Many, including seniors, see long term care as an issue to be addressed in the future. Because it is usually associated with the frailties of age, it is also assumed they will be able to anticipate the need for long term care, and plan accordingly.
Unfortunately, the need for long term care too often arises suddenly. The lifestyle and independence to which seniors are accustomed can be forever changed without any advance notice or indication.
A stroke or a fall are two common ways in which long term needs arise suddenly. The CDC confirms that strokes are a leading cause of serious long-term disability. Seniors make up almost two thirds of those hospitalized for a stroke.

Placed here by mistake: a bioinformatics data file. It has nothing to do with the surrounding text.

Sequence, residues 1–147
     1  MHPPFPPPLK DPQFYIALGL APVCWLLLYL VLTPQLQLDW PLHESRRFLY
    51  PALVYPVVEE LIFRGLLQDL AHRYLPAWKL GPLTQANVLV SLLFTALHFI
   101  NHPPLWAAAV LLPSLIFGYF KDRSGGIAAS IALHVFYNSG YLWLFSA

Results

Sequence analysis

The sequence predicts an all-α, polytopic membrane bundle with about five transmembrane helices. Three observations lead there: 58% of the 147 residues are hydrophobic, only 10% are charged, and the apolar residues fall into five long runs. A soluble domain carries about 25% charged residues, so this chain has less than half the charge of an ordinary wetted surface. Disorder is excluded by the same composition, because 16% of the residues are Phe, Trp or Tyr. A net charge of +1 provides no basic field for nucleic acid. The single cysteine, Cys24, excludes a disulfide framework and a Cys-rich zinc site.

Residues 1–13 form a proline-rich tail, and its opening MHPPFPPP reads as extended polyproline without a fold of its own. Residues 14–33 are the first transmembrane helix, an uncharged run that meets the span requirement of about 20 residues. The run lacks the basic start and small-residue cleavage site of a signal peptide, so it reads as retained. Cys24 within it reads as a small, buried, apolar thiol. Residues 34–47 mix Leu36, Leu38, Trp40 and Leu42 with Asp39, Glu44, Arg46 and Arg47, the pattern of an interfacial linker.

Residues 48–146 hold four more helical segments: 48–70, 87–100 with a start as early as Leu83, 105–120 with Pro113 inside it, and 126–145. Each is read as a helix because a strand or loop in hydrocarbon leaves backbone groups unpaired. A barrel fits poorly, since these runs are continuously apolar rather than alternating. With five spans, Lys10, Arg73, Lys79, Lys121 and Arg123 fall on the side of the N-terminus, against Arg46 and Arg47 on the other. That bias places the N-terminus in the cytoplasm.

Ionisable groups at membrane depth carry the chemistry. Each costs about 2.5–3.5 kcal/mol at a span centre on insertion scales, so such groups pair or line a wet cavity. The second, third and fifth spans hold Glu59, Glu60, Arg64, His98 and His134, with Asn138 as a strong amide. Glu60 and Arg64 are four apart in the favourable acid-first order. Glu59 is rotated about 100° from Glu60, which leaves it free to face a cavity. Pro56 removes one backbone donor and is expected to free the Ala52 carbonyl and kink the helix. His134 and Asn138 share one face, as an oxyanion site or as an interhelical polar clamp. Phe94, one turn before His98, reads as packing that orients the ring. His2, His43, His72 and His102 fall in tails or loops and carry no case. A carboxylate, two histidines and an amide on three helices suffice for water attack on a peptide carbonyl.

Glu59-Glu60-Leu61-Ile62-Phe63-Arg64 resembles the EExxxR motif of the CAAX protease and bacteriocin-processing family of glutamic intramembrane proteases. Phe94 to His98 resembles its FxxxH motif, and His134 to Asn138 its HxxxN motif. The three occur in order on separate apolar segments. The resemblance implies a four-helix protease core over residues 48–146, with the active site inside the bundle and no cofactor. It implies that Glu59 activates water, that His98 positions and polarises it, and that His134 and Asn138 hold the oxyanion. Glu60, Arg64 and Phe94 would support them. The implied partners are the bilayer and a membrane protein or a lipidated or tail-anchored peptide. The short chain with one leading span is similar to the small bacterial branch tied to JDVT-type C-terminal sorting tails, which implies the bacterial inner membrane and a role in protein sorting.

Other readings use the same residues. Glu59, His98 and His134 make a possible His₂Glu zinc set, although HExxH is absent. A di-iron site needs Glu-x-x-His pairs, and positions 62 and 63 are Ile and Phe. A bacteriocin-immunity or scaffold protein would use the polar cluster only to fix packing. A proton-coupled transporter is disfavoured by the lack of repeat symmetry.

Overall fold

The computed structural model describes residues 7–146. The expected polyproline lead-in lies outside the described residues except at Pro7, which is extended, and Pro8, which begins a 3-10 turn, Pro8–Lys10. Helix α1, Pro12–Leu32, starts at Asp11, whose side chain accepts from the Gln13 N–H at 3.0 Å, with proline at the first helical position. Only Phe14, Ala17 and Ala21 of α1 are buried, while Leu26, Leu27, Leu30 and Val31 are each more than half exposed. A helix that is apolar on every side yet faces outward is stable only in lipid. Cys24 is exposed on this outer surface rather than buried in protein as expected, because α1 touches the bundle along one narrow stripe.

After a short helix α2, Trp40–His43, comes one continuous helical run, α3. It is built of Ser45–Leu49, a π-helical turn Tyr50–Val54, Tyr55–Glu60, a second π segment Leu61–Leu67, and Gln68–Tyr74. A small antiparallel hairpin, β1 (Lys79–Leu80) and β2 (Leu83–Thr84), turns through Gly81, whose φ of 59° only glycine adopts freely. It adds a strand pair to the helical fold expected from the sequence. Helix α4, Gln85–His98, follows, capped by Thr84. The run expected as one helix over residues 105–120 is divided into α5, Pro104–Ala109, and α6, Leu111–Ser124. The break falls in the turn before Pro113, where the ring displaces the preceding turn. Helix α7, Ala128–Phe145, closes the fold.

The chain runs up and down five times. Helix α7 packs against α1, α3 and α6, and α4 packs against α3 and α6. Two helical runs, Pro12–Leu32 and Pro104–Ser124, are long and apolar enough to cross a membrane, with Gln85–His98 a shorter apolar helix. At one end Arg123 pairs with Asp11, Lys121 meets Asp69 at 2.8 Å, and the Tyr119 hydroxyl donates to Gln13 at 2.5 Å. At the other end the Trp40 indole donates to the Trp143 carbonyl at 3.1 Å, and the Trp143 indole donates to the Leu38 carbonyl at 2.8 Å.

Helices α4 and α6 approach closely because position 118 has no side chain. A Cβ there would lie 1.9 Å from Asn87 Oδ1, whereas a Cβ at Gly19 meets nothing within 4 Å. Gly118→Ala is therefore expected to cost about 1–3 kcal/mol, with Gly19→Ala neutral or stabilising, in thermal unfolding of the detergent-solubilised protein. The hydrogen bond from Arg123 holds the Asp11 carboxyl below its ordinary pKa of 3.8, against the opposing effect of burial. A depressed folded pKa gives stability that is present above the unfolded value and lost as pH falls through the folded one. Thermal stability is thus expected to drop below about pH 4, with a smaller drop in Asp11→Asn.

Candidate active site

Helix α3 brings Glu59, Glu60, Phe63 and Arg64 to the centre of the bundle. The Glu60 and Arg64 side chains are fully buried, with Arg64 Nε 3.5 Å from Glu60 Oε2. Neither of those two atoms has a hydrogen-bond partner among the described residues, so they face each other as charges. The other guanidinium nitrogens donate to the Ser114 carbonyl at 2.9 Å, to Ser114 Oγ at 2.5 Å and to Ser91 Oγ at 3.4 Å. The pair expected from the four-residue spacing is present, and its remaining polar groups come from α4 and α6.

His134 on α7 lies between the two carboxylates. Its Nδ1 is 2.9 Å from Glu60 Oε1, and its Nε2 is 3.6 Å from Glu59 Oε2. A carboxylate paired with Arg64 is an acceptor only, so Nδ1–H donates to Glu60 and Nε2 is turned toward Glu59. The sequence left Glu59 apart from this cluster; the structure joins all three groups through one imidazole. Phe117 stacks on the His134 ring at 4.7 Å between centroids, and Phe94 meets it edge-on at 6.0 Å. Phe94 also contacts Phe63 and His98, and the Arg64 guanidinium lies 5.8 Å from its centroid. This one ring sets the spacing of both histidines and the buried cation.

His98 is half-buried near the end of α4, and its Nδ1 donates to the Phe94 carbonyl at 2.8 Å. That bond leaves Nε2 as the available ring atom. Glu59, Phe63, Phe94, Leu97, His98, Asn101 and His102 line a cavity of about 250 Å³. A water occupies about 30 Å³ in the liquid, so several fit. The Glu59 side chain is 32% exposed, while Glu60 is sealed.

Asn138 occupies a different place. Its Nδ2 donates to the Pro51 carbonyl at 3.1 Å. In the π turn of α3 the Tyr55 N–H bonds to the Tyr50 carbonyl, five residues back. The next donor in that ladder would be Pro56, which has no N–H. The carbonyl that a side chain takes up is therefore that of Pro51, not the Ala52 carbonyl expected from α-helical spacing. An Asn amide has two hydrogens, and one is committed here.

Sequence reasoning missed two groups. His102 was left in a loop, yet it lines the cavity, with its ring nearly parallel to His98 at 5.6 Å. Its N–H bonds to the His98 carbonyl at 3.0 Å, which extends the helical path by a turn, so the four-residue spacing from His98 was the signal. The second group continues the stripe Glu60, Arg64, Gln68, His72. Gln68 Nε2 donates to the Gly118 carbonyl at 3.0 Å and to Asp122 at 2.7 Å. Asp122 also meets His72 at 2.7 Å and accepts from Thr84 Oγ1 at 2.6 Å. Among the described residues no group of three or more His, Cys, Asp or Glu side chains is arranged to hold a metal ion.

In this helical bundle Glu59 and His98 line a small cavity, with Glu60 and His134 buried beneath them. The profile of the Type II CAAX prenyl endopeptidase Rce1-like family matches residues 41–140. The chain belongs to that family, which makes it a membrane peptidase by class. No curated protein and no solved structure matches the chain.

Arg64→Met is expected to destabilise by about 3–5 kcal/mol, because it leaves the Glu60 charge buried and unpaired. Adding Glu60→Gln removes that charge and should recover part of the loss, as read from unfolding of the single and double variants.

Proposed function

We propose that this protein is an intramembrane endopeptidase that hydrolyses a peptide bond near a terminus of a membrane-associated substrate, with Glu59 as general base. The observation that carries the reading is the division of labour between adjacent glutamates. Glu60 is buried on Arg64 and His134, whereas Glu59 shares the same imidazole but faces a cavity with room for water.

Also, one third of seniors will fall each year (longtermcare.gov). Falls are the leading cause of both fatal and nonfatal injuries for seniors, and often lead to a new series of health issues. By age 75, a fall is four times more likely to result in admittance to a skilled nursing facility.
While prevention is always the most important approach, the reality is that strokes and traumatic falls will happen. A few basic steps, taken early enough, can significantly lighten the burden for caregivers and ensure the wishes of seniors are respected.
- Have a Living Will. – A Living Will allows you to dictate what medical assistance, if any, is to be provided in certain end of life circumstances. Don’t leave this terrible decision to your family to make.
- Have a Power of Attorney. This document allows a trusted individual to handle your affairs (i.e. financial) if you cannot.
- Have a Plan for You and Your Caregiver. An appropriate estate plan should address more than what happens at your passing, it should address what happens upon your disability.
Come to a presentation to find out how to address the important issues that should be part of every life, end of life and estate plan.
© 2017 Steven J Wright